Futures Rebound From Two-Day Plunge As Yield And Oil Rise U.S. index futures edged higher, along with European shares, after the sharpest two-day drop in almost a month, as investors digested Federal Reserve’s hawkish path and were jerked higher by a fleeting moment of Ukraine ceasefire hope when Emini futures initially spiked to session highs on the following Reuters headline: RUSSIAN FOREIGN MINISTER SAYS UKRAINE PRESENTED A NEW DRAFT AGREEMENT TO RUSSIA ON WEDNESDAY - IFX ... only to reverse the entire move two minutes later when the following headline hit: LAVROV: UKRAINE PROPOSALS ON CRIMEA, DONBAS UNACCEPTABLE: IFX Mini hiccup aside, S&P futures were about 0.1% higher at 4,481 while Nasdaq futures gained 0.5% to 14,574, signaling an end to a selloff in the underlying index that erased $850 billion in market value over two days.  Ten-year Treasury yields were flat around 2.61%, the dollar extended its rally to a sixth day, the longest streak in almost 10 months, and oil rebounded from yestereday's IEA reserve release-driven plunge. Markets are showing signs of recovery after a selloff brought on by hawkish Fed minutes in which the central bank laid out a long-awaited plan to shrink their balance sheet by about $95BN per month or more than $1 trillion a year while raising interest rates “expeditiously” to counter the hottest inflation in four decades. “The FOMC minutes gave the clarity that every investors was looking for,” said Ipek Ozkardeskaya, senior analyst at Swissquote. “The US 2-10 year spread is back in the positive after having slipped below zero, but the recession threat is real, keeping the investor mood sour as the Fed pulls back support.” “The Fed delivered what most market watchers were looking for, with details around the pace and composition of the balance sheet runoff,” said Janus Henderson global bond PM Jason England. Along with recent hawkish comments from Fed officials, the minutes showed “the Fed has pivoted from a gradual approach to tightening monetary policy to now moving more rapidly toward a neutral stance,” he said. In premarket trading, HP shares were up 13% after Warren Buffett’s Berkshire Hathaway bought an 11% stake worth $4.2 billion in the laptop maker valued at more than $4.2 billion. SoFi shares declined 5.1% in premarket after the fintech firm gave new guidance as the U.S. government extended the pause on student-loan payments. Other notable premarket overs include: Levi Strauss & Co. (LEVI US) gains 5.5% in premarket trading after it said revenue during the most recent quarter increased 22% to $1.6 billion. Wells Fargo said comments about a strong first quarter and good momentum in March should help dispel investor concerns, at least in the near term. Wayfair (W US) falls 4.4% in premarket trading after Wells Fargo downgrades to underweight from equal weight in sector note turning more cautious on housing-impacted retailers. SoFi (SOFI US) drops 5.1% in premarket trading as Morgan Stanley cuts its 2022 Ebitda estimate by $42m to $100m after the fintech firm gave new guidance as the U.S. government extended the pause on student-loan payments. Sprinklr’s fourth- quarter results were a positive, though the most impressive point was the software company’s guidance, Barclays analysts led by Raimo Lenschow write in a note. The shares rose 4.7% in postmarket trading on Wednesday. Vapotherm (VAPO US) falls 23% in premarket trading after the respiratory-device company reported preliminary quarterly revenue that fell short of analysts’ estimates and withdrew its annual guidance. In Europe, the Stoxx 600 added 0.7%, boosted by a rally in shares of Atlantia SpA, the billionaire Benettons’ highway and airport group. Atlantia added 10% in Italian trading after a non-binding bid from Global Infrastructure Partners and Brookfield Asset Management Inc. European healthcare and chemical stocks outperformed, while energy and miners declined. IBEX outperformed, adding 1.5%, FTSE 100 lags, dropping 0.1%. Health care, chemicals and travel are the strongest performing sectors. The energy sector was in the red, dragging the U.K.’s benchmark FTSE 100 down, as Shell’s $4-$5BN hit from its withdrawal from Russia weighed on oil producers. The statement from the London-based giant shows that, despite a surge in oil and gas prices, Russia’s invasion of Ukraine has upended the supermajors’ plans and left them scrambling to adapt to historic shifts in energy markets. Here are the most notable European premarket movers: Atlantia shares rise as much as 12%, extending yesterday’s gains, after a Bloomberg report that the motorway and airport company could become the target of a bidding war. Electrolux advances as much as 5.8% after announcing a positive non- recurring item of $70.5m in 1Q. Euronav shares gain as much as 12% on news of a potential stock-for-stock combination with Frontline to create a tanker company with a market capitalization of more than $4.2b. Daetwyler shares jump as much as 6% after it announced the acquisition of U.S. electrical connector seals company QSR, with Baader saying the deal may benefit earnings from day one. 888 shares surge as much as 31% after the gambling company announced a share placement to pay for its now-cheaper acquisition of William Hill’s international assets, with analysts reacting positively. Verbio shares surge to a record high after Hauck & Aufhauser lifts its PT on the biodiesel manufacturer by almost 33% ahead of what the broker expects to be “another outstanding quarter.” European basic resources and energy shares decline, lagging all other sectors, as commodity prices start to pull back, with Anglo American, Rio Tinto and Glencore all posting declines. PageGroup and other staffing companies fall after Jefferies lowers EPS estimates across the sector and takes a “more risk-off approach” in note, downgrading PageGroup in the process. Countryside shares sank as the home developer forecast a decline in profit after conducting a review of its business following a dispute with an activist investor. TI Fluid Systems falls as much as 12% after Jefferies downgraded the automotive parts maker to hold from buy, saying conditions faced by the company are among the most difficult in its coverage. Earlier in the session, Asian stocks slid to a three-week low as traders feared a rapid rise in U.S. interest rates and aggressive scale-back of the Federal Reserve’s bond holdings could stymie growth and hurt earnings. The MSCI Asia Pacific Index lost as much as 1.4% on Thursday, with tech shares leading the losses in many countries, after minutes of the Fed’s March meeting showed plans to shrink its balance sheet by more than $1 trillion a year. The fall came after the Asian benchmark slumped 1.5% on Wednesday following similarly hawkish comments from Fed Governor Lael Brainard. Worries that hawkish policy tightening by the Fed may cool the world’s largest economy or even tip it into a recession are hitting equities broadly across Asia. Stocks in China also buckled, even as the state council renewed its pledge to use monetary policy tools at an “appropriate time” and consider other measures to boost consumption, according to the readout from a meeting of the State Council chaired by Premier Li Keqiang on Wednesday. “The Fed is telling us that the party is over. It is saying it will take away the punch bowl,” said Norihiro Fujito, chief investment strategist at Mitsubishi UFJ Morgan Stanley Securities in Tokyo. “This will have a serious impact on all risk assets.” Fujito saw tech shares with rich valuations as the most vulnerable, adding that investors will be trying to seek shelter in utilities and defensive stocks. The MSCI Asia Pacific Information Technology Index fell about 2%.  Benchmarks in Japan and South Korea underperformed other Asian peers, while gauges in Australia and India posted smaller declines on Thursday.   For April, the MSCI Asia is now down more than 2% on top of a slump of almost 7% last quarter -- the most since the first three months of 2020 -- amid concern about the war in Ukraine, higher rates and inflation.  Japanese equities fell by the most in almost four weeks, deepening declines in tandem with U.S. peers amid concerns over the Federal Reserve’s plans to tighten monetary policy. Electronics makers and service providers were the biggest drags the Topix, which dropped 1.6%, in its third day of decline. Tokyo Electron and Fast Retailing were the largest contributors to a 1.7% loss in the Nikkei 225.  Minutes from the latest Federal Reserve meeting showed the U.S. central bank is prepared to raise rates sharply and reduce its balance sheet to cool the economy. Indian stocks dropped with peers across Asia as the weekly expiry of derivative contracts weighed on the market.  The S&P BSE Sensex slipped for a third session, dropping 1% to 59,034.95, its biggest fall since March 21. The NSE Nifty 50 Index slipped 0.9%. HDFC Bank retreated 2.2%, while Reliance Industries declined 1.8%. Seventeen of 30 shares on the Sensex traded lower.  Fifteen of 19 sectoral sub-indexes compiled by BSE Ltd. declined, led by a gauge of oil & gas stocks. The Fed’s plan to prune its near $9 trillion balance sheet, which was swollen by pandemic-era bond purchases, points to more volatility in global markets. Locally, the nation’s central bank will likely raise its inflation outlook to reflect costlier oil while leaving borrowing costs steady in its policy decision on Friday. “U.S. Fed’s hawkish stance has raised concerns of steeper interest rate hikes going ahead,” Kotak Securities analyst Shrikant Chouhan said. He sees volatility in global crude oil prices leading to profit taking in Reliance Industries and other energy stocks. The S&P/ASX 200 index fell 0.6% to close at 7,442.80, retreating alongside global peers after the Federal Reserve outlined plans to trim its balance sheet by more than $1 trillion a year while raising interest rates. Life360 was the biggest laggard as tech stocks dropped. Magellan Financial was the top performer after its funds under management update showed a slowdown in net outflows. In New Zealand, the S&P/NZX 50 index was little changed at 12,075.91 In FX, the Bloomberg dollar spot index is near flat, handing back earlier gains that saw it at a three-week high. RUB leads gains in EMFX. In rates, the treasuries curve extends steepening counter-trend as front-end and belly yields retreat further from Wednesday’s YTD highs while long-end cheapens slightly. Yields richer by up to 3bp across front-end of the curve, steepening 2s10s by ~3bp with 10-year little changed near 2.60%; bunds and gilts keep pace. Bund, Treasury and gilt curves all bull steepen. Meanwhile commodity markets continue to be whipsawed by disruptions sparked by Russia’s war in Ukraine and efforts to curb raw-material costs. WTI crude climbed toward $98 a barrel, paring a slump that was triggered by the International Energy Agency’s decision to deploy 60 million barrels from emergency stockpiles. WTI added 1.4% to trade near $98. Brent rises 1.5% to over $102. Most base metals trade in the red; LME nickel falls 2.3%, underperforming peers. Spot gold is little changed at $1,926/oz. Raw materials could surge by as much 40% -- taking them far into record territory -- should investors boost their allocation to commodities at a time of rising inflation, according to JPMorgan. In crypto, bitcoin is pressured and towards the low-end of a range that continues to drift from the USD 45k mark. Meta (FB) is exploring a virtual currency for the metaverse, according to the FT. U.S. economic data slate includes initial jobless claims (8:30am) and February consumer credit (3pm). Fed speakers scheduled include Bullard (9am) and Bostic (2pm). U.S. session highlights include speech and Q&A by St. Louis Fed’s Bullard --who dissented from March FOMC decision in favor of a bigger rate increase -- at 9am ET.  Other central bank speakers include Bostic and Evans, as well as the BoE’s Pill. We’ll also get the minutes from the ECB’s March meeting, along with remarks from the Fed’s Bullard, Market Snapshot S&P 500 futures little changed at 4,476.75 MXAP down 1.4% to 176.33 MXAPJ down 1.4% to 584.33 Nikkei down 1.7% to 26,888.57 Topix down 1.6% to 1,892.90 Hang Seng Index down 1.2% to 21,808.98 Shanghai Composite down 1.4% to 3,236.70 Sensex down 0.7% to 59,191.33 Australia S&P/ASX 200 down 0.6% to 7,442.83 Kospi down 1.4% to 2,695.86 Brent Futures little changed at $101.14/bbl Gold spot up 0.1% to $1,928.10 U.S. Dollar Index little changed at 99.69     Top Overnight News from Bloomberg ECB President Christine Lagarde said she tested positive for Covid-19, adding that her symptoms are “reasonably mild” and that there won’t be any impact on the operations of her institution Surging U.S. real yields suggest bond traders believe the Federal Reserve can get a grip on inflation, but are likely to put further pressure on stocks and precious metals German Economy Minister Robert Habeck said the nation has already cut its reliance on Russian coal by at least half in the past month and won’t stand in the way of a European Union ban on imports of the fuel from the country In the days after the Ukraine war began, the ruble’s collapse was a potent symbol of Russia’s newfound financial isolation. Now, the ruble has surged all the way back to where it was before Putin invaded Ukraine Hungary kept its effective key interest rate unchanged at the highest level in the European Union after the forint plunged on the bloc’s announcement that it is triggering a process that may block the country’s aid funds China signaled it will step up monetary stimulus for the economy, acknowledging that domestic and global risks are now bigger than previously expected Bank of Japan board member Asahi Noguchi says it’s vital to continue with monetary easing as it will take some time before the possibility of shrinking stimulus comes into sight. A more detailed look at global markets courtesy of Newsquawk Asia-Pac stocks traded lower throughout most of the session as the downbeat mood reverberated from Wall Street. ASX 200 was dragged lower by its tech sector following a similar sectoral performance in the West. Nikkei 225 was hit by losses across its energy, mining and manufacturing names. KOSPI conformed to the global losses whilst Samsung Electronics (-0.3%) failed to benefit from better-thanexpected prelim earnings. Hang Seng and Shanghai Comp were choppy and initially swung between gains and losses before stabilising in the red. Samsung Electronics (005930 KS) - Prelim Q1 (KRW) Revenue 77tln (exp. 75.7tln), Operating Profit 14.1tln (exp. 13.3tln), via Reuters Top Asian News Suspected Chinese Hackers Collect Intel From India’s Grid SoftBank Tripled Share Buybacks to $1 Billion in March Thailand Mulls Easing Covid Test Rules for Overseas Visitors Japan to Release 15m Barrels From Oil Reserves: Kyodo European bourses are firmer across the board and back in proximity to post-cash open levels after initial strength waned in choppy price action, Euro Stoxx 50 +0.7%. US futures have been relatively in-fitting with European peers, though the NQ, +0.5%, is the modest outperformer as yields take a breather from their recent surge. China's Shanghai City is to cap the load factor of international flights by foreign airlines at 40% (prev. 75%), according to Reuters sources; effective from April 11th until month-end. Top European News Turkey Transfers Khashoggi Case to Saudi Arabia to Improve Ties Shunned Oil Piling Up Off China as Virus Outbreak Worsens EU Full Ban on Russia Coal to Be Delayed Until Mid-August: Rtrs Yellen Says U.S. Would Use Sanctions If China Invaded Taiwan FX: Greenback sets marginal new YTD best after hawkish FOMC minutes reveal tight call between 25 bp and 50 bp lift-off plus large cap balance sheet reduction, DXY up to 99.823, thus far. Albeit, the DXY has waned from best levels and turns flat ahead of the arrival of US participants as yields continue to pare Euro eyeing option expiries for support ahead of ECB minutes following loss of 1.0900 handle vs Dollar; EUR/USD down below Fib at 1.0895. Aussie unwinds more RBA inspired upside as trade surplus narrows on zero export balance; AUD/USD around 0.7475 vs circa 0.7661 only yesterday. Yen benefits from retreat in yields rather than BoJ rhetoric reaffirming ultra easy policy and merits of a weaker currency, USD/JPY capped below 124.00. Commodities: Crude benchmarks consolidate near WTD lows after reserve release pressure; specifically, near lows of USD 95.43/bbl and USD 100.13/bbl for WTI and Brent. Updates elsewhere have been slim, and focused on China's Shanghai City from a demand-side perspective amidst ongoing Ukraine-Russia developments; albeit, nothing fundamentally new in terms of negotiations. China is to strictly control new production capacity in the oil refining industry, according to the industry ministry Gas flows via Yamal-Europe pipeline resume westward, according to Gascade data. Spot gold/silver are contained and the yellow metal is once again capped by USD 1930/oz and LME Copper has failed to benefit from the equity pickup. US Event Calendar 08:30: April Initial Jobless Claims, est. 200,000, prior 202,000; Continuing Claims, est. 1.3m, prior 1.31m 15:00: Feb. Consumer Credit, est. $18.1b, prior $6.84b Central Bank Speakers 09:00: Fed’s Bullard Discusses the Economy and Monetary Policy 14:00: Fed’s Bostic and Evans Discuss Inclusive Employment 16:05: cancelled: Fed’s Williams Makes Closing Remarks DB's Henry Allen concludes the overnight wrap We might be less than a week into Q2, but based on how markets are performing it’s shaping up to be very similar to Q1 thus far, with yesterday seeing another bond selloff and significant declines for global equities as markets gear up for the fastest monetary tightening we’ve seen in decades. Indeed, it seems to be progressively dawning on investors that this cycle of hikes is going to be very different to the one we saw from 2015, when even at its fastest in 2018, the Fed still only hiked rates by 100bps in a single year. As Jim has written, if we could erase the post-GFC cycle from people’s memory banks, there’s a case that markets would be pricing 300-400bps this year given where inflation is right now, not least given we saw hikes on that scale in the late-80s and from 1994 with inflation at much lower levels than it is at the minute. Given the rapid expected tightening (as well as the negative shock of Russia’s invasion of Ukraine), it’s worth noting that DB Research’s new World Outlook came out on Tuesday, (link here), where we downgraded our global growth forecasts and are now forecasting a US recession by the end of next year as our baseline. We also got a look into the Fed’s outlook yesterday with the release of the March FOMC minutes, where it looks like they would have hiked by 50bps in March were it not for the Russian invasion, and they are ready to entertain 50bps hikes going forward. The markets got the message, and upgraded the probability of a 50bp hike at the next meeting in early May to 85%. The other big takeaway from the minutes were details around QT, which they signalled would start in May, in line with recent Fed speakers. The FOMC noted the balance sheet would rundown at a pace of $60bn Treasuries and $35bn MBS a month once QT hits terminal velocity, which should be by July if the minutes are to be believed. Markets digested the news, with Treasury yields more or less in line with their pre-minute levels into the close after declining modestly in the New York afternoon. With the pace of the runoff now set, the focus will turn to who buys the securities with the Fed stepping away and when the Fed has to stop QT. Alongside the minutes, remarks from a number of officials yesterday helped to reiterate the point that policy will become tighter this year. Philadelphia Fed President Harker said that he expected “a series of deliberate, methodical hikes as the year continues”, whilst on the question of whether to move by 50bps, Richmond Fed President Barkin said that the FOMC “could certainly do that again if it is necessary to prevent inflation expectations from unanchoring”. With all said and done, sovereign bond yields moved up to fresh highs on both sides of the Atlantic, with those on 10yr Treasuries up +5.1bps to 2.598%, which was its highest closing level since 2019, albeit some way beneath its intraday high of 2.656% shortly before noon in London, and this morning they have fallen a further -1.5bps to 2.583%. That increase yesterday was entirely driven by a rise in real yields, which rose +7.3bps to -0.24%, their highest level since March 2020, whilst a rally at the short end of the curve meant the 2s10s slope steepened for a 3rd day running, heading up to 12.2bps by the close. Those declines in shorter-dated yields came as futures actually took out a bit of Fed tightening from 2022, modestly reducing the expected number of additional hikes this year from 220bps in the previous session to 217bps by the close. Over in Europe there were similar moves, with sovereign bond yields reaching fresh highs before paring back some of that increase towards the close. Yields on 10yr bunds (+3.3bps), OATs (+3.1bps) and BTPs (+3.8ps) all closed at multi-year records, although a key difference with US Treasuries were that the rise in European yields yesterday were driven by higher inflation expectations rather than real rates. In fact the 10yr German breakeven hit 2.81%, its highest in the data series that starts back in 2009, whilst the Italian 10yr breakeven hit 2.63%, its highest since 2008. As on Tuesday, the selloff in bonds went hand in hand with further declines in equities, and by the close the S&P 500 (-0.97%) and Europe’s STOXX 600 (-1.53%) had both lost ground as well, with cyclical sectors leading the declines. Tech stocks in particular were an underperformer once again, and the NASDAQ (-2.22%) and the FANG+ index (-3.46%) both struggled again, bringing their declines over the last 2 sessions to -4.43% and -6.63% respectively. Amidst the equity declines, the VIX index of volatility rose +1.1pts yesterday to 22.1pts, taking it up to its highest level in 2 weeks. Overnight in Asia, equities have very much followed that retreat on Wall Street as monetary tightening remained in focus. Among the main indices, the Nikkei (-2.00%) is leading the moves lower, whilst the Kospi (-1.42%), Hang Seng (-1.04%), Shanghai Composite (-0.99%), and the CSI (-0.78%) are also trading in negative territory. Separately, we heard from China’s State Council yesterday that they would use monetary policy at an “appropriate time”, as they acknowledged downward pressures on the economy. Looking forward, stock futures in the US are pointing to further declines today, with contracts on the S&P 500 (-0.37%) and Nasdaq 100 (-0.33%) both lower following those Fed minutes. In terms of the latest on Ukraine, the EU continued to edge towards a fresh sanctions package, although that wasn’t finalised yesterday as had initially been suggested, with Reuters reporting that technical issues needed to be addressed like whether the ban on Russian coal would affect existing contracts. The report said that diplomats were optimistic about achieving a compromise today, so we could potentially see some news on that later, whilst in his speech to the European Parliament yesterday, European Council President Charles Michel also said that “I believe that measures on oil and even on gas will also be needed sooner or later.” Otherwise on sanctions, the US imposed further measures, including full blocking sanctions on Sberbank and Alfa Bank, along with a prohibition on new investment in Russia. The various decisions came amidst a further decline in oil prices yesterday, with Brent crude down -5.22% to $101.07/bbl, its lowest closing level in 3 weeks. That was supported by confirmation that the International Energy Agency would release 60m barrels of crude, on top of the Biden Administration’s release from the Strategic Petroleum Reserve. Brent has recovered somewhat this morning however, up +1.85% to $102.94/bbl. Turning to the French presidential election, we’re now just 3 days away from the first round on Sunday, and the polls have continued to tighten between President Macron and his main challenger Marine Le Pen. Yesterday’s polls for the second round runoff put Macron ahead of Le Pen by 54%-46% (Ipsos), 53-47% (Opinionway), and 52.5%-47.5% (Ifop), which are all much tighter than the 66%-34% margin in the 2017 election. French assets have continued to underperform against this backdrop, with the CAC 40 equity index (-2.21%) seeing a weaker performance than the broader STOXX 600 (-1.53%) for a 6th consecutive session. On yesterday’s data, the Euro Area PPI reading for February came in at a year-on-year rate of +31.4% (vs. 31.6% expected), which is the fastest pace since the formation of the single currency. Separately, German factory orders contracted by a larger than expected -2.2% in February (vs. -0.3% expected). To the day ahead now, and data releases include German industrial production and Euro Area retail sales for February, along with the weekly initial jobless claims from the US. Meanwhile from central banks, we’ll get the minutes from the ECB’s March meeting, along with remarks from the Fed’s Bullard, Bostic and Evans, as well as the BoE’s Pill. Tyler Durden Thu, 04/07/2022 - 07:49.....»»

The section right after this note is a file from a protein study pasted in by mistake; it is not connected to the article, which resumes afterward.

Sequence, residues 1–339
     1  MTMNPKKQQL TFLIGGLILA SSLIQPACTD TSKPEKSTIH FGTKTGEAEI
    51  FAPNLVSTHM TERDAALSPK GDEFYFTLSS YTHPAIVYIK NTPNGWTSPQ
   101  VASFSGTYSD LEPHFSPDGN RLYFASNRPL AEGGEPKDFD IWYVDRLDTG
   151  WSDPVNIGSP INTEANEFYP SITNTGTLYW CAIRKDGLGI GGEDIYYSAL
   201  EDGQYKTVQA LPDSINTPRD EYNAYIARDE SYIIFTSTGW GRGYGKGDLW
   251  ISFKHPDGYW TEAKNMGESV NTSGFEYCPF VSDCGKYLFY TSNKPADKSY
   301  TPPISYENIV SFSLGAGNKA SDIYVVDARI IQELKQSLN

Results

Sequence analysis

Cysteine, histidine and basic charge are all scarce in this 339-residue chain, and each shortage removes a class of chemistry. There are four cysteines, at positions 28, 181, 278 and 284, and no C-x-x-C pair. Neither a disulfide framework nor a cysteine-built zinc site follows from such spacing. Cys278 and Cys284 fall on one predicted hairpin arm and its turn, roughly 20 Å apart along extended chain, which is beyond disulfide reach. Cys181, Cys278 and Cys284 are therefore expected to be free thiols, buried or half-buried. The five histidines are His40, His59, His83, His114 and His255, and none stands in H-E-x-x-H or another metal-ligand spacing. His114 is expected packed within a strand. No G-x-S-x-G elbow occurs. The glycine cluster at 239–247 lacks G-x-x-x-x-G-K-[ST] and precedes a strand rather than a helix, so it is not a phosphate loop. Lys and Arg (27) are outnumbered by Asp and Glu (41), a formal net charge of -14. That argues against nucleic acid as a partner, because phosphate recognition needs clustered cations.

Category: blogSource: zerohedgeApr 7th, 2022